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51 Imperfect Solutions

Does the U.S. Supreme Court have too much of a role in defining rights protections--creating too much of a one-size-fits-all approach that state courts rely on instead of taking their duty to interpret state constitutions seriously? That question is central to a new book by Judge Jeffrey Sutton, 51 Imperfect Solutions, which explores the role that states, as independent sovereigns, potentially have as “laboratories of experimentation” for rights protection and constitutional interpretation. In the words of Judge Sutton: “Why would we insist on one imperfect solution for the whole country rather than allowing for the possibility of 51 Imperfect Solutions initially?” https://youtube.com/watch?v=m1V70hV_Pfo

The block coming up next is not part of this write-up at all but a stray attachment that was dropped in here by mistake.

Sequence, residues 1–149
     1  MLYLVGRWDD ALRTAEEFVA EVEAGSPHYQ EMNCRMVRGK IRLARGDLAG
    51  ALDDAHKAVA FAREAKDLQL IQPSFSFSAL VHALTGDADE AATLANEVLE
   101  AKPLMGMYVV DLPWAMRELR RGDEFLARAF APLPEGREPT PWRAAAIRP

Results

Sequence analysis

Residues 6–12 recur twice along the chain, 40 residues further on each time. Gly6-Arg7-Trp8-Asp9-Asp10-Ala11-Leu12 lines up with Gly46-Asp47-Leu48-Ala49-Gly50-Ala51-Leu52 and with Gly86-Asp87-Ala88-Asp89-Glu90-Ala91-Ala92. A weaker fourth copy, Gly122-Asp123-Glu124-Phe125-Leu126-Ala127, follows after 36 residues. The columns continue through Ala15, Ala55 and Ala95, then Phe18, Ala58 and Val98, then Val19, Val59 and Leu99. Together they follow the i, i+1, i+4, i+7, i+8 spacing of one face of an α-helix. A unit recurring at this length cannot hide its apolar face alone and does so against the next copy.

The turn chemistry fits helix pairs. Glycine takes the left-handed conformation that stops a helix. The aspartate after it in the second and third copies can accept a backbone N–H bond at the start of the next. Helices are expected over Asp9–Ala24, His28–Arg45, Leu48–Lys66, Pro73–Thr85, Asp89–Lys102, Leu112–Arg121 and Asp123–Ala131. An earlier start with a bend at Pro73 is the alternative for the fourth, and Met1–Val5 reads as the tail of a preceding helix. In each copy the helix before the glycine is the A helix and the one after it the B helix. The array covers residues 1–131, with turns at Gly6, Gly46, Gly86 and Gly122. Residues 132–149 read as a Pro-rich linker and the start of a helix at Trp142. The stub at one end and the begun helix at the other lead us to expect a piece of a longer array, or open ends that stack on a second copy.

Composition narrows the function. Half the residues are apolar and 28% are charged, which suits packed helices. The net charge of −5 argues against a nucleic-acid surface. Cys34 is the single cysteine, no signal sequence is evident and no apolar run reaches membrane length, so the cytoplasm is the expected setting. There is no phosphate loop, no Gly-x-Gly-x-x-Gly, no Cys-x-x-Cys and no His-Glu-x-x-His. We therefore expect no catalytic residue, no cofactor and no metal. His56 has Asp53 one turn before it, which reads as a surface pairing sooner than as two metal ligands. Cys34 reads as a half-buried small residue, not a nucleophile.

Very often in American law, state courts will lock step or follow very closely what the U.S. Supreme Court has done in construing say due process, free speech, equal protection. And the reason that's unfortunate is that of course diminishes the laboratories of interpretive experimentation. I wrote the book 51 Imperfect Solutions because I'm still disappointed with the way in which we're using federalism when it comes to rights protection. When it comes to U.S. Supreme Court decisions, of course, citizens can disagree with them, professors can disagree with them, but they really can't ah lead to change absent a constitutional amendment, which is, it's very difficult. It requires three quarters of the states to amend the U.S. Constitution. One healthy way, however, to disagree or perhaps see slightly differently some constitutional debates is to allow the state courts to construe their own guarantees a little differently. The U.S. Supreme Court, for example, might embrace substantive due process in construing the due process clause, but a state court doesn't have to do that. The U.S. Supreme Court might adopt a living Constitutionalist’s interpretation of due process, but a state court could decide to adopt an originalist’s interpretation of due process, or vice versa. It can go in either direction. The key point is the states are independent sovereigns when it comes to interpreting their own constitution and they should take that duty seriously. It's not a terrible idea to nationalize certain constitutional liberty guarantees. Um if we know the meaning of a guarantee, we think it's an essential guarantee, and it's clearly in the U.S. Constitution, the protection should be uniform in every pocket of the country. I think that's fairly easy. Take some free speech or free exercise protections. They should be national. Where this gets complicated is with the reality that many of our guarantees are written in very general terms. Think of due process or equal protection. The reason the book is called 51 Imperfect Solutions is because so many American constitutional liberty guarantees are written in general language. In that setting, why would we insist on one imperfect solution for the whole country rather than allowing for the possibility of 51 Imperfect Solutions initially? And if we develop a consensus about a best practice, a best approach to interpreting a guarantee, why then and only then we can nationalize it.

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